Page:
1,000 march on Cardiff Hardest Hit demo
Tories welcomed by charities but not Remploy workers!
The turnout of 1,000 at the 'Hardest Hit' march and rally in Cardiff on October 22nd showed both the huge anger developing against the Tories' proposals and potential to build a mass campaign against the attacks on the disabled. Disabled campaigners, trade unionists and the wider anti-cuts movement got a great reception in the city centre as they marched through, chanting "no ifs, no buts no disability cuts".
But it also showed the weaknesses of cross party, cross class approach taken by many charities and politicians who claim to be the official leadership of the disability rights movement.
The march was inspiring in that a thousand disabled people, carers, trade unionists and anti-cuts campaigners turned out to march through Cardiff. The overwhelming majority of those that turned out would have been looking for a lead in the fight to defeat attacks on disability benefits and a plan of action to defend vital public services including the NHS and local authority services.
They would have been sadly disappointed listening to the official platform of speakers which consisted of directors and executives of charities and 3 Welsh Assembly Members. The AMs included, unbelievably, Mohammad Ashgar, Tory AM for South Wales East. This representative of the Tory originator of these cuts was allowed to speak, while Les Woodward, the national trade union convenor for Remploy - employing around 2,800 disabled workers and threatened with closure by the same Tory party of which Mr Ashgar is a Welsh representative - was refused on the grounds that he was "too political". When large parts of the rally booed and heckled this representative of the party of the ruling class they were told to be quiet by the chair because the "support of all parties" is needed.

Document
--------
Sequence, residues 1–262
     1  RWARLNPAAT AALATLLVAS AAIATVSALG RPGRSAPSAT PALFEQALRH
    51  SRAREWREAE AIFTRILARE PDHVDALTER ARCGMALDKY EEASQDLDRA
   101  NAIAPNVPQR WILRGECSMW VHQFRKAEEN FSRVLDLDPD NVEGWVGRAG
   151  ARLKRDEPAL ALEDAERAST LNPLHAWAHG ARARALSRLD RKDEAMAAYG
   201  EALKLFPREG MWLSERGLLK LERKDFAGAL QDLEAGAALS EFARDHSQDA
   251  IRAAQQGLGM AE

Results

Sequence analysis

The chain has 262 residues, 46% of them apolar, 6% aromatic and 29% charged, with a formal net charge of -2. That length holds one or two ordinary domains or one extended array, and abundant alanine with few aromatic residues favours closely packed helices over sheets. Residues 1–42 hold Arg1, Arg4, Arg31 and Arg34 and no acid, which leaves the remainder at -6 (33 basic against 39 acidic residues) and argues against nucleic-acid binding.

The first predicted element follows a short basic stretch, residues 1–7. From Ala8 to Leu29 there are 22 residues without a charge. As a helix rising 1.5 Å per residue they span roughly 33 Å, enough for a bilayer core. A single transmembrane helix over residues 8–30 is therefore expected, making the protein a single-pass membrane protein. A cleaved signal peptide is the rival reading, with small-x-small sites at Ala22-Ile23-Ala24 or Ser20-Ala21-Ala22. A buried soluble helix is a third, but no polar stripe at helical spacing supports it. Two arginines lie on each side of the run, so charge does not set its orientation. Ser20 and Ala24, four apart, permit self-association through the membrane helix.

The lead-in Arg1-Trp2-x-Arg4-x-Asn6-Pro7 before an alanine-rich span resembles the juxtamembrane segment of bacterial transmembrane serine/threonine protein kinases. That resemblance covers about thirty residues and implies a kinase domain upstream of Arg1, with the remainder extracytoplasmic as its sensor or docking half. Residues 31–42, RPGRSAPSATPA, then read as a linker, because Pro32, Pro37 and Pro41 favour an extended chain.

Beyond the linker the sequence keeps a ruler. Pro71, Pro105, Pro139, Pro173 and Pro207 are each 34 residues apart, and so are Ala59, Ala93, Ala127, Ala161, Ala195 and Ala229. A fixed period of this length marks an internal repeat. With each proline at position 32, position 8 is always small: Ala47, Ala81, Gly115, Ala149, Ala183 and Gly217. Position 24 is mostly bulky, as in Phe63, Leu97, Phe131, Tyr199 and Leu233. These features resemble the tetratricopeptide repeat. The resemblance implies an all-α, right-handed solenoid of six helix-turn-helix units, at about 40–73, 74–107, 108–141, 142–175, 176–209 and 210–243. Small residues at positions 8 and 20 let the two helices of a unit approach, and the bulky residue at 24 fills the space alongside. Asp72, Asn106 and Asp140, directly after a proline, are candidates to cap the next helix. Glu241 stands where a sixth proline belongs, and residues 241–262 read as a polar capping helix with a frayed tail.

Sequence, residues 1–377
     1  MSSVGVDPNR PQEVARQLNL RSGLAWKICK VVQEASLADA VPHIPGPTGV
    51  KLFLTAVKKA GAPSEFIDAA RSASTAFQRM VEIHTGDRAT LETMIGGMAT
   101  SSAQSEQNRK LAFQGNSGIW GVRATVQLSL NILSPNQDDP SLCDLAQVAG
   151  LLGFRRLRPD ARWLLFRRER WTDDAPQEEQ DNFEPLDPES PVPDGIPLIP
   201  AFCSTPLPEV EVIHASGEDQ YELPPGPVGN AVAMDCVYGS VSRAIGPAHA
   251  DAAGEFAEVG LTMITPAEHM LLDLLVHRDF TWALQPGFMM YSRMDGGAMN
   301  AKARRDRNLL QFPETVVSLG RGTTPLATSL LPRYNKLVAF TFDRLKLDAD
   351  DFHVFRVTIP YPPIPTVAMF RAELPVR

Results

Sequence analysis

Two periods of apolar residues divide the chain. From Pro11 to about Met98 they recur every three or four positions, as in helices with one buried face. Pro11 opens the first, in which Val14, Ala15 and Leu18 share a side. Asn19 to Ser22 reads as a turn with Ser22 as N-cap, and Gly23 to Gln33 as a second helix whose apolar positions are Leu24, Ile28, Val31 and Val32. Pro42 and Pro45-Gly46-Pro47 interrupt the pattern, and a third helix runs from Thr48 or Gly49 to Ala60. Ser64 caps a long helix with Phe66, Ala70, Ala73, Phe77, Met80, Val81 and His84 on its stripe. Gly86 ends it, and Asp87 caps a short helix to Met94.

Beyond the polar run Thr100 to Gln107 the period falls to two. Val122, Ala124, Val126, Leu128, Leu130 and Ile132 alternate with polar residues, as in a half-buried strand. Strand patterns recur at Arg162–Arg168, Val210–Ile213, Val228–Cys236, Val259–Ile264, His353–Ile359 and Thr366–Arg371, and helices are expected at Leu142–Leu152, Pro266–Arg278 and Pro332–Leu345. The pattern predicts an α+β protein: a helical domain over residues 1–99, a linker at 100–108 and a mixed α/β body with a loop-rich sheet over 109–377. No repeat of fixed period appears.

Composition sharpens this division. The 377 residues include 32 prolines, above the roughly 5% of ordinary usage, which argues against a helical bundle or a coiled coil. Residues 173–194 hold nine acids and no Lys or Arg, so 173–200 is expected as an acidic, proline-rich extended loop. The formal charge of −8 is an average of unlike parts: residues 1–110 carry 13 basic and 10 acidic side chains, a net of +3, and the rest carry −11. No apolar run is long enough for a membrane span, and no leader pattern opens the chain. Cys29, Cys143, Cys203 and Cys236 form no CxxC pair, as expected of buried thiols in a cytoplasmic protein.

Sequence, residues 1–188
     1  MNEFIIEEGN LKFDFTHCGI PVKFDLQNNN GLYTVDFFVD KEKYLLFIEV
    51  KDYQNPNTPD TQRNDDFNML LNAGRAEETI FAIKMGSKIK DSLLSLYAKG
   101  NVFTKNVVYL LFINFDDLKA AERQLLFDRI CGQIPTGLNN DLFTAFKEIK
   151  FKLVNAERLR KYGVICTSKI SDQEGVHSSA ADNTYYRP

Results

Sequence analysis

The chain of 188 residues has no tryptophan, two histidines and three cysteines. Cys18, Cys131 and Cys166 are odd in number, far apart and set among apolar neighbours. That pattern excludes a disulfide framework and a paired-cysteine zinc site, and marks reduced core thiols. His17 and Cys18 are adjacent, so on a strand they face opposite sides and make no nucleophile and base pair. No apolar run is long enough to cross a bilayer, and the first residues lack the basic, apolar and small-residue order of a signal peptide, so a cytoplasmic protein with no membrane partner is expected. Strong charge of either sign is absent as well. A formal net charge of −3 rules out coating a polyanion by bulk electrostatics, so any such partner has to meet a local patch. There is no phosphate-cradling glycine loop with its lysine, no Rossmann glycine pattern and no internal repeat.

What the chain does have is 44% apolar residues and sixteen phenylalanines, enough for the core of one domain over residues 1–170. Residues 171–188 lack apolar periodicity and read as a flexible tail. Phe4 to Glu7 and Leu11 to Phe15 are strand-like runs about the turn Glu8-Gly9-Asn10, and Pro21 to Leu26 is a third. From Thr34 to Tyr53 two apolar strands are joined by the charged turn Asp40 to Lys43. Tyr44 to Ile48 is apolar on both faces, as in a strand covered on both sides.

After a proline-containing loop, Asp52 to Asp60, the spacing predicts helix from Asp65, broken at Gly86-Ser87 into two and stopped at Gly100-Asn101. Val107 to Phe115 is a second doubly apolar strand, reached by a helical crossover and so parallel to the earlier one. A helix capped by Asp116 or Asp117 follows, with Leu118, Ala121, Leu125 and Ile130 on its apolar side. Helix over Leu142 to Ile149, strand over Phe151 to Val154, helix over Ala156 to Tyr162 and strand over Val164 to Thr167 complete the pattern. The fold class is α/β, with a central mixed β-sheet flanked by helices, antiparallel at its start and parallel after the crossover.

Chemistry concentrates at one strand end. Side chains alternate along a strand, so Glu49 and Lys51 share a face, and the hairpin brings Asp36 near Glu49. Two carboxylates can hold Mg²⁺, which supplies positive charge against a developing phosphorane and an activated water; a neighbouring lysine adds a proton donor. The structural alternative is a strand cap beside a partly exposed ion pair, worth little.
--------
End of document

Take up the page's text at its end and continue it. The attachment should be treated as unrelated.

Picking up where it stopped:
It took a comedian to introduce some sense to the platform, when actor and writer, Boyd Clack (Satellite City/High Hopes), told marchers that the lesson taught to him by his dad as a boy - "you can never trust a Tory" is as true today as it has ever been. But, he warned, that his father would be turning in his grave to see what the Labour Party he supported, has become. He warned disabled fighters to rely only on their own strength and not the support of politicians. He could have added that we should not rely on the support of charities which rely on government funding and will do all they can to argue for their own slice of a shrinking pie, while doing everything in their power to prevent political discussion.
Fortunately disabled campaigners do have allies they can rely on to fight all the way with them - public sector trade unionists, their families and the working class in general. This was the theme of the 'alternative' rally that Socialist Party members staged - that the struggle against the Welfare reform Bill and other attacks on the disabled can be defeated, as part of a campaign to oppose all public sector cuts.
Thanks to the Socialist Party, Les did get to address the crowd on the importance of fighting for Remploy and the thousands of disabled workers that it provides with the dignity of training, learning skills and earning a wage. He also exposed the shameful way that charities, including some of those participating in the 'hardest hit' campaigns, have colluded with the ConDem government's plans to destroy Remploy. He was joined by other Socialist Party members, including Andrew Price from Cardiff Trades Council, whose message that the opposition to attacks on disability benefits and services needs to be linked to the strike action of public sector workers in November, was well received.
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